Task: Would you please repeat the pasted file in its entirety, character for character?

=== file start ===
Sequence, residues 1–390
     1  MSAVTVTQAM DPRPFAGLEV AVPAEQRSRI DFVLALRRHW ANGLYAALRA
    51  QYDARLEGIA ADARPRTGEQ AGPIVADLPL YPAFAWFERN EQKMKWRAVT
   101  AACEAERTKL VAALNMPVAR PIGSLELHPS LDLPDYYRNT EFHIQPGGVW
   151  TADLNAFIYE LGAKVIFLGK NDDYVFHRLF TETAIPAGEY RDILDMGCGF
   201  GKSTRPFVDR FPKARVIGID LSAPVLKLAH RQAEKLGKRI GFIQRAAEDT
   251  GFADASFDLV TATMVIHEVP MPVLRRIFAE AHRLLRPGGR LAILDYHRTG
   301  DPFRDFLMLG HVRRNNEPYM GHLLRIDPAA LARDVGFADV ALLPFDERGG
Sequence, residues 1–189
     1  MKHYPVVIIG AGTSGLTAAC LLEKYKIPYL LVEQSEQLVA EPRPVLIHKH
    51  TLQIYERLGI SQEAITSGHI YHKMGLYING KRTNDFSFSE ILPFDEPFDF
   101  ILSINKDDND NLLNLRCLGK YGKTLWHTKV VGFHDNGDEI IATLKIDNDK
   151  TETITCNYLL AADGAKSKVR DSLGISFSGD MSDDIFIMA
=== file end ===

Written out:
Sequence, residues 1–390
     1  MSAVTVTQAM DPRPFAGLEV AVPAEQRSRI DFVLALRRHW ANGLYAALRA
    51  QYDARLEGIA ADARPRTGEQ AGPIVADLPL YPAFAWFERN EQKMKWRAVT
   101  AACEAERTKL VAALNMPVAR PIGSLELHPS LDLPDYYRNT EFHIQPGGVW
   151  TADLNAFIYE LGAKVIFLGK NDDYVFHRLF TETAIPAGEY RDILDMGCGF
   201  GKSTRPFVDR FPKARVIGID LSAPVLKLAH RQAEKLGKRI GFIQRAAEDT
   251  GFADASFDLV TATMVIHEVP MPVLRRIFAE AHRLLRPGGR LAILDYHRTG
   301  DPFRDFLMLG HVRRNNEPYM GHLLRIDPAA LARDVGFADV ALLPFDERGG
Sequence, residues 1–189
     1  MKHYPVVIIG AGTSGLTAAC LLEKYKIPYL LVEQSEQLVA EPRPVLIHKH
    51  TLQIYERLGI SQEAITSGHI YHKMGLYING KRTNDFSFSE ILPFDEPFDF
   101  ILSINKDDND NLLNLRCLGK YGKTLWHTKV VGFHDNGDEI IATLKIDNDK
   151  TETITCNYLL AADGAKSKVR DSLGISFSGD MSDDIFIMA